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THE REGIMES OF TRUTH OF (GLOBAL) CITIZENSHIP EDUCATION

Event cancelled based on UBC recommendations regarding COVID-19.

Public Seminar
Institute for Critical Educational Studies

THE REGIMES OF TRUTH OF (GLOBAL) CITIZENSHIP EDUCATION

Marta Estellés, PhD
University of Cantabria (Spain)

Thursday, April 2, 2020
12:30 – 1:30 pm
University of British Columbia, Vancouver — Scarfe 1209

 Abstract

The aim of this presentation is to briefly problematize current ways of thinking and talking about (global) citizenship education. Citizenship is a process more than it is an attribute, since the concept has incorporated the main characteristics both of the political transformations experienced by the State and of the State’s relations with society. The successive battles for the definition of citizenship have an impact on that institution of socialization that is school. Examining the evolution of curricular prescriptions and orientations is enough to glimpse changes in the languages and frames through which certain relations between the individual, the community, and the State are naturalized.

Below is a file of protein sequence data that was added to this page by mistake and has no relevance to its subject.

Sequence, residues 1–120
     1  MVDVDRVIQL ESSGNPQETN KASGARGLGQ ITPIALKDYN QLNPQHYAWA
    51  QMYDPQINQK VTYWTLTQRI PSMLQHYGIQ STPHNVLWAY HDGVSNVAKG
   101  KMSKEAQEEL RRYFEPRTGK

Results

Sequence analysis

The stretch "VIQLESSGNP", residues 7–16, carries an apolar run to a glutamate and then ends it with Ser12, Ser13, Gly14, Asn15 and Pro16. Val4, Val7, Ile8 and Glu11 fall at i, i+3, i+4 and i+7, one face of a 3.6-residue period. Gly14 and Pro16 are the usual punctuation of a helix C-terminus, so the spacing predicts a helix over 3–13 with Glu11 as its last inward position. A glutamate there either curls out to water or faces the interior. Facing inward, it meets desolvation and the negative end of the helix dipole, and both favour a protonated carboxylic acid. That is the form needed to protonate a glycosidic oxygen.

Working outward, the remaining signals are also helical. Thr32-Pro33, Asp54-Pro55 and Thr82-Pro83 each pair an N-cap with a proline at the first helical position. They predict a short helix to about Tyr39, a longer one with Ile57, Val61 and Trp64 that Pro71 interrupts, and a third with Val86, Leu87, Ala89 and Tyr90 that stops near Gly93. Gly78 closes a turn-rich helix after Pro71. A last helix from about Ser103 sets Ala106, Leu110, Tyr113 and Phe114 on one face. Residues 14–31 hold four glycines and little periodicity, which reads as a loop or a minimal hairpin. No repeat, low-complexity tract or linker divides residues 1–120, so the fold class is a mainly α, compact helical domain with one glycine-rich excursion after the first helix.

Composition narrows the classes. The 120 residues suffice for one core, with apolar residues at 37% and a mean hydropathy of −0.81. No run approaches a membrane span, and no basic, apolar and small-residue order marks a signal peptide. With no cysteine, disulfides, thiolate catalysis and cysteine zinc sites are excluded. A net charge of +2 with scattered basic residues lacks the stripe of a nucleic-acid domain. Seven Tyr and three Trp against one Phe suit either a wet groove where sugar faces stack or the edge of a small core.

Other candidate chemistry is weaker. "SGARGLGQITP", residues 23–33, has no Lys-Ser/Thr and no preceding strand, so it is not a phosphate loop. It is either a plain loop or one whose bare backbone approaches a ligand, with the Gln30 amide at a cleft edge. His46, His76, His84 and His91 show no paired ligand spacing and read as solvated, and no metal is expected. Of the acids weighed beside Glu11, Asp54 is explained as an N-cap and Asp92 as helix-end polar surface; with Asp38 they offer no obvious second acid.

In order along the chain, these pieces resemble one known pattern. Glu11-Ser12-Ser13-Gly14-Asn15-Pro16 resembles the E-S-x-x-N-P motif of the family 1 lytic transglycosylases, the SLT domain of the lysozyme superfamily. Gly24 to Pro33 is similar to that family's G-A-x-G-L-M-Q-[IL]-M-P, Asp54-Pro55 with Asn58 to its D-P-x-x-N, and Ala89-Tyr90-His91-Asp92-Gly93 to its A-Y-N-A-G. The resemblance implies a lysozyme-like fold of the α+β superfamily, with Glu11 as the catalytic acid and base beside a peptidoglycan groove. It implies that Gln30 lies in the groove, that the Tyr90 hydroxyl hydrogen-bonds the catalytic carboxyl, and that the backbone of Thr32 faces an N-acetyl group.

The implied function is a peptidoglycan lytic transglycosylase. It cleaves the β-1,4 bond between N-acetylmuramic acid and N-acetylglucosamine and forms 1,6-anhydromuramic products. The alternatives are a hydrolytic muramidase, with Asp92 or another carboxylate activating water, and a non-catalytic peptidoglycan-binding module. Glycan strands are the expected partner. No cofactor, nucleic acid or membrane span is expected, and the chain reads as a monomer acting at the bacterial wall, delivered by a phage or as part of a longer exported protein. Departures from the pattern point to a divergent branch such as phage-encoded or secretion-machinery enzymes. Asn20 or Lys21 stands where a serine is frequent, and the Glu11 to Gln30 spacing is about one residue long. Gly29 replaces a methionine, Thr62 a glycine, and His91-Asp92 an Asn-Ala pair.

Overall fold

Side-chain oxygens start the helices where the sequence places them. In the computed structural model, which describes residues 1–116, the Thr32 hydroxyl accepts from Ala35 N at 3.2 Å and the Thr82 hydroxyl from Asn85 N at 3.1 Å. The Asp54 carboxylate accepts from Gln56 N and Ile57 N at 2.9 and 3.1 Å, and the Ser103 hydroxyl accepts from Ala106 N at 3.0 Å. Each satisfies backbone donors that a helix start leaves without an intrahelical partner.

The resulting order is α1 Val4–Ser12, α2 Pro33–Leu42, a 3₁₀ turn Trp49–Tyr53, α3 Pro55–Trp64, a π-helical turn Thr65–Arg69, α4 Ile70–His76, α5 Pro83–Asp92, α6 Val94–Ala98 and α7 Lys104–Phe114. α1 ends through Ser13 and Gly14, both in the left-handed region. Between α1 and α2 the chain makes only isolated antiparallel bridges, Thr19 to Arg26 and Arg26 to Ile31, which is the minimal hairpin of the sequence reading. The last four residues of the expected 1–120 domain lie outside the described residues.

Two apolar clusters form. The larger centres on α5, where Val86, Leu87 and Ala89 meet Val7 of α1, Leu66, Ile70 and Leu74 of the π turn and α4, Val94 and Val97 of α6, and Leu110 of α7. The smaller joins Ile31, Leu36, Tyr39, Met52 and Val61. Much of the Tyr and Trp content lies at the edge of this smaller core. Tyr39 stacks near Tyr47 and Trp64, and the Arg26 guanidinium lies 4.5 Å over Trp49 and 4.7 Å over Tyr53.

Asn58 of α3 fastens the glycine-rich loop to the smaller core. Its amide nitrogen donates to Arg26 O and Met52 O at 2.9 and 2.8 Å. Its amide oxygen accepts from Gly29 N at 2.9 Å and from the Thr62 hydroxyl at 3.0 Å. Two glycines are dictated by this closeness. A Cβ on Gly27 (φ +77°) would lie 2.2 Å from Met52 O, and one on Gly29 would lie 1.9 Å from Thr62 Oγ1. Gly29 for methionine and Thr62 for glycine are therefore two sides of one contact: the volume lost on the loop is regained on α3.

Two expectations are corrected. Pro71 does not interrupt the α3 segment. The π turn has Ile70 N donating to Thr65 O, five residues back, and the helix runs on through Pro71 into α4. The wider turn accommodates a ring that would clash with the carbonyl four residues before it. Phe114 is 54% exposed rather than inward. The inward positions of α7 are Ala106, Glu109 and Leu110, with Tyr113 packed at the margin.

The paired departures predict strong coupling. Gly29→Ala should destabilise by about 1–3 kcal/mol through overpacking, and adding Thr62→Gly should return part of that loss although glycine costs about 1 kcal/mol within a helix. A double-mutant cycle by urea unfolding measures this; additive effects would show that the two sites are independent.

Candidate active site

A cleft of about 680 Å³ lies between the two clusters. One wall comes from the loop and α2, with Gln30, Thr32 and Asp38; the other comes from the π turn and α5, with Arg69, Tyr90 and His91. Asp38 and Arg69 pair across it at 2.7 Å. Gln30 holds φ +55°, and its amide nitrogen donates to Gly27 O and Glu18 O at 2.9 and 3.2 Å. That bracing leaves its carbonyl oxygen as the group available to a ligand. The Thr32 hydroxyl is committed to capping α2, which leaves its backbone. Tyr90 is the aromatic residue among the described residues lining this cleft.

The results of our research show that the two major cycles of socio-institutional restructuring in Western countries – from the crisis of the nineteenth-century liberal regimes to the present – have imposed different trends in relation to citizenship education in schools. The first cycle reached its culmination with the implementation of Welfare States after the Second World War. It was not a coincidence that the first major defense for democratic citizenship education appeared in this moment, with the reformist impulse that gave rise in 1916 to Social Studies in the US. The recognition of socio-economic rights and the formation of citizenship appeared inextricably linked in the texts of the reform, in an attempt to establish a new “regime of truth” that radically redefined the meaning of education for all, and not only for a privileged minority. This redefinition also implied a criticism of the patriotic and nationalistic purposes of education. This language, however, started to become blurred as neoliberal policies instituted their own frames in the 1980s with Reagan in the US and Thatcher in the UK. Citizenship education began to adopt the rhetoric of accountability with its emphasis on testing, performance levels, skills, etc. and the focus was on promoting responsible and active citizenship that clearly emphasized duties over rights. Thus, it began to be assumed that citizens should be responsible for their own well-being and not the State. Recent discourses on global citizenship education should be seen as heirs of this last redefinition. After all, global citizenship education “aims to empower learners to engage and assume active roles, both locally and globally, to face and resolve global challenges” (UNESCO, 2014, p. 15), assuming that the responsibility of solving those challenges lies with the individuals, not on governments or international organizations.